SL Cert - Basic Textures
- 1 Overview
- 2 Audience
- 3 Pre-requisites
- 4 Testing Criteria
- 5 Basic Level
- 5.1 Texture creation outside of Second Life
- 5.2 Texturing Inside Second Life
- 5.3 Upload formats and sizes
- 5.4 Use of the texturing options in the edit dialog
- 5.5 Required permissions on objects
- 5.6 A basic understanding of copyrights
This is the criteria required for a person to become certified on texturing for Second Life.
Anyone who intends to demonstrate that they have texturing skills. This would be very useful for Second Life builder for example and texture artists.
Basic understanding of the Second Life user interface, basic skills in a graphic program outside of Second Life, and some money in the Second Life account to upload textures.
Ability to apply an image to an object, avatar body part, clothes or sculpt map in order to texture or shape it, or to create particles. Creation of textures that are ideal for use within Second Life to create certain visual effects.
The texturing skill set can be divided into the following sub-categories:
- Creation of textures outside of Second Life
- Valid texture upload formats and recommended sizes for best rendering quality
- Use of textures in Second Life
- Permissions and copyrights
All skills should be demonstrated as a combination of theoretical (multiple-choice) test and practical application in-world.
Basic level certification candidates should demonstrate an understanding of the use of Textures in Second Life. This includes the following topics:
Texture creation outside of Second Life
Surface texture creation
The “skin” of objects, maps, avatar body parts, clothes and particles. The difference between opaque and transparent (alpha) textures, how to avoid the "white halo."
What are they, what are their specialities, how are they made. Theoretical test only on this level.
What are they, what are they used for, how are they made. Theoretical test only.
Texturing Inside Second Life
An understanding of the several categories and uses of textures in Second Life should be demonstrated.
Clothes texture, body texture, eye texture, skin texture
Texturing a body part or clothes of an avatar in the appearance editor.
Applying a sculpt map on an object’s sculpt map tab to shape the object
Knowing what this is and how they are used in Second Life. Theoretical test only.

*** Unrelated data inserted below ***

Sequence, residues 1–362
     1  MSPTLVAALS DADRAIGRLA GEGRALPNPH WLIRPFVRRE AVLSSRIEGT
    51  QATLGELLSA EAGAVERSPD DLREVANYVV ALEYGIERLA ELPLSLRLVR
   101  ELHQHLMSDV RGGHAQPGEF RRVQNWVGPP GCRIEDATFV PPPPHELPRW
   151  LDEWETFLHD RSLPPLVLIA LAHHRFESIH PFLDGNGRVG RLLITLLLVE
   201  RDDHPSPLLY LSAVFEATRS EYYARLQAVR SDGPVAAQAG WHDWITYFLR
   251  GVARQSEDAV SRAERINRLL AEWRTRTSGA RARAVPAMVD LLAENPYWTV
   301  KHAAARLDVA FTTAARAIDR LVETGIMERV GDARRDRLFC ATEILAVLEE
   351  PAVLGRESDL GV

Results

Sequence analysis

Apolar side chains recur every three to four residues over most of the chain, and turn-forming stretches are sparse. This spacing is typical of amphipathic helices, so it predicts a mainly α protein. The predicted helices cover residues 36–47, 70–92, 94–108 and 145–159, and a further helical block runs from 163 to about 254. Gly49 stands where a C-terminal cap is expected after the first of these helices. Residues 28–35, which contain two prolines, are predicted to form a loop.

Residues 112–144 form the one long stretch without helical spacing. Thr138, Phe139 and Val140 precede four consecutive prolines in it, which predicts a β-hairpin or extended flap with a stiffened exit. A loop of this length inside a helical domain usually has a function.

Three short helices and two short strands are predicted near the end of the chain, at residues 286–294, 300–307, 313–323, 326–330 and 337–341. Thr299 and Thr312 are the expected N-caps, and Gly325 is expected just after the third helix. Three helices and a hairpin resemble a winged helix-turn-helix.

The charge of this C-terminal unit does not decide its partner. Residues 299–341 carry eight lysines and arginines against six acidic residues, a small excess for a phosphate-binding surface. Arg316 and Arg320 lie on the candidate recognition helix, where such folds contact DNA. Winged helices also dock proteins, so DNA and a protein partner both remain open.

Using the textures to create particles with a particle script.
What are their specialities and how they differ from texture uploads, understanding of the options in the snapshot window, knowing how to do a screen print and how it differs from a Second Life snapshot. This should definately be a practical test.
Upload formats and sizes
Upload formats as to date
Jpg, png, tga, and bmp. Which formats are good for which results, quality, transparency, loading times etc.
Upload sizes in pixel
Knowing the basics, which sizes work well for which purposes and which totally not, size minimum and maximum etc.
Use of the texturing options in the edit dialog
- "Select texture,"
- "Edit linked parts," and
- "Stretch texture"
- On the basic level, at least the repeats, rotation and offset settings as well as the options for transparency, full bright, glow, and flipping should be well known, and understanding of them should be demonstrated on the object.
- Applying textures and colors - Texturing whole objects or particular prims or faces of prims, setting repeats, rotation, offset, coloring with the color picker, using the eye-dropper tool, finding RGB values should definately be demonstrated practically.
- Understanding of the "Select Texture", "Edit linked parts" and "Stretch Textures" checkboxes should be demonstrated practically.
Required permissions on objects
Changing textures, required texture permissions, and the change of object permissions with texture/sculpt map permissions should be well understood. A texture artist should know already on the basic level, that full permission is a MUST for commercially used surface textures and why.
A basic understanding of copyrights
Copyrights on 100% self-made textures, copyrights on thirdparty textures, license agreements, and why altering a thirdparty texture does not circumvent copyrights. Theoretical test only.